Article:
out treatment, the doctors said nine months, the same amount of timeit took to get born. Except for the bathrobe, she didn’t look like anyonewho was dying. Most days, she didn’t need any medication at all. I wasthe one who took the Klonopin. With the Oxy, I was careful. Once aweek and only half a pill. I still had responsibilities.
“Any word back from the agency?” she asked.
“Nothing this week but data entry and accounting.”
“Accounting. That’s something you can learn. You were always good
at math. People need accountants these days.” All over the news, reces-
sion woes reverberated across stories of Ponzi schemes and foreclosures,
astonished people gaping as their good fortune vanished.
“I already have a career, Mom.” I pulled out dishes and silverware.
“There’s always time for a change.” Her cheerfulness was grating.
“I like my career.”
“I know, honey.” She raised an arm to give my shoulders a squeeze.
I could feel her frailness through the reassurance of the embrace. “And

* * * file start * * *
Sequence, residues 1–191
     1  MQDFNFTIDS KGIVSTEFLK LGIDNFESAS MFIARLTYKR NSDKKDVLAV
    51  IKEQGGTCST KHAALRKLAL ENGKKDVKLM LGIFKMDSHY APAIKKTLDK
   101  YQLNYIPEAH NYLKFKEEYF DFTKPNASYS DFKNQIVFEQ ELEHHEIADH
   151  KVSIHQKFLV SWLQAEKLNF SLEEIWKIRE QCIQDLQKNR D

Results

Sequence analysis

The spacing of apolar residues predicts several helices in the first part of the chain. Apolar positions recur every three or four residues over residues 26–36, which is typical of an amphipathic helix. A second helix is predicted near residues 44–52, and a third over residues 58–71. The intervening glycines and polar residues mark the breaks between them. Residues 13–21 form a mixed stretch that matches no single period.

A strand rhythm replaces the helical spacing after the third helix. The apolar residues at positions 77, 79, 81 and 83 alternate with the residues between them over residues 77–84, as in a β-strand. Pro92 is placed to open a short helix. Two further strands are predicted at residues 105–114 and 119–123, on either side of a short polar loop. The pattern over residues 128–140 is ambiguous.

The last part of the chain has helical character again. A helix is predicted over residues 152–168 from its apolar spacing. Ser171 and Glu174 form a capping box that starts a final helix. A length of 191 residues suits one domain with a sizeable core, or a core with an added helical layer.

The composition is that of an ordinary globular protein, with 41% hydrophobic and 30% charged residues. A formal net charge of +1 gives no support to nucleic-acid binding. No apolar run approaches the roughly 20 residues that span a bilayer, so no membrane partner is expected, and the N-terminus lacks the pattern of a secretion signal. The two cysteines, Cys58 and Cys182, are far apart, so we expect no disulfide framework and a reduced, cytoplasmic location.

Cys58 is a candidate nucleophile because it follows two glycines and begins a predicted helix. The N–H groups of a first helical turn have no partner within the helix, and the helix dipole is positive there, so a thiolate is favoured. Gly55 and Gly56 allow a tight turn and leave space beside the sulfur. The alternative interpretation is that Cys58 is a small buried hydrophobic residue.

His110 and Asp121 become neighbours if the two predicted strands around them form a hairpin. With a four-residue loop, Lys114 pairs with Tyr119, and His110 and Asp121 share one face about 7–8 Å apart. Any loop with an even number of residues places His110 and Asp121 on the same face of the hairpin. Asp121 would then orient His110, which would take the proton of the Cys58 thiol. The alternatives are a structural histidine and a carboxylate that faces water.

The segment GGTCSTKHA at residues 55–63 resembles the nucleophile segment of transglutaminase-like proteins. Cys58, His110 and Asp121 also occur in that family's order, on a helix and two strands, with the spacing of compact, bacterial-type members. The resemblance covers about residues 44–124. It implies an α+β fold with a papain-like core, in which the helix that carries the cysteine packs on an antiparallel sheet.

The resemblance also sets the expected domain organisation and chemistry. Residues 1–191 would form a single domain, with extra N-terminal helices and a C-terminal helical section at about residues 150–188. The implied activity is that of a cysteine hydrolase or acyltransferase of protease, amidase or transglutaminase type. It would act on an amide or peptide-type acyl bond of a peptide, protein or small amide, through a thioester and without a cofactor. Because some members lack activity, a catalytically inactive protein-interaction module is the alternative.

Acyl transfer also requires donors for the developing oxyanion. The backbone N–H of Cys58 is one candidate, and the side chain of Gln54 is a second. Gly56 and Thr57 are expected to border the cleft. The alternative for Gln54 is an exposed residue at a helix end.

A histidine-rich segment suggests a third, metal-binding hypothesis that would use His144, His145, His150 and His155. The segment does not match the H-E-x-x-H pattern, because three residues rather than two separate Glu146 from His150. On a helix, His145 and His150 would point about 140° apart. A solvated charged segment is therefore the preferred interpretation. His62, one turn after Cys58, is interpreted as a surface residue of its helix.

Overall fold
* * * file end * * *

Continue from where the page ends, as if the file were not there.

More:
I’m sure you’re a good teacher. Maybe you could teach math.”
“Sure.” I ripped open a bag of salad mix.
“I want you to stay busy while you’re here, you know. Find thingsto do. You shouldn’t set aside your whole life just for me. I don’t needthat.” To prove her point, she set a heaping casserole dish on the trivet.“Chicken and green beans. Grandma’s recipe. You know this one, right?”“Yeah, I think I got that one down.” Mostly, it came back to thecanned soup.
“Well, I’m sure you’ve got your own recipes now.”
She took my hand to say grace, thanking the Lord for his bounty on
my behalf. She peered at me a moment longer after she let go, studying
me from over the top of her reading glasses. The frames matched her
purplish-red hair. Gray tendrils escaped the loose bun and curled out
around the sharp angles of her face.
“God’s got a purpose for you, Laura,” she said. “Don’t you worry.
We’re not all meant to be artists, but he’ll use you like he uses all of us.
To God be the glory.”
She served a spoonful of casserole onto my plate and then her own.
“After I’m gone, you can sell the house. Do something smart with the
money. Don’t blow it on a vacation. Find something good and invest in
That sounded more like my practical mother. Growing up, we had al-
ways attended church, but primarily for the social functions. Luncheons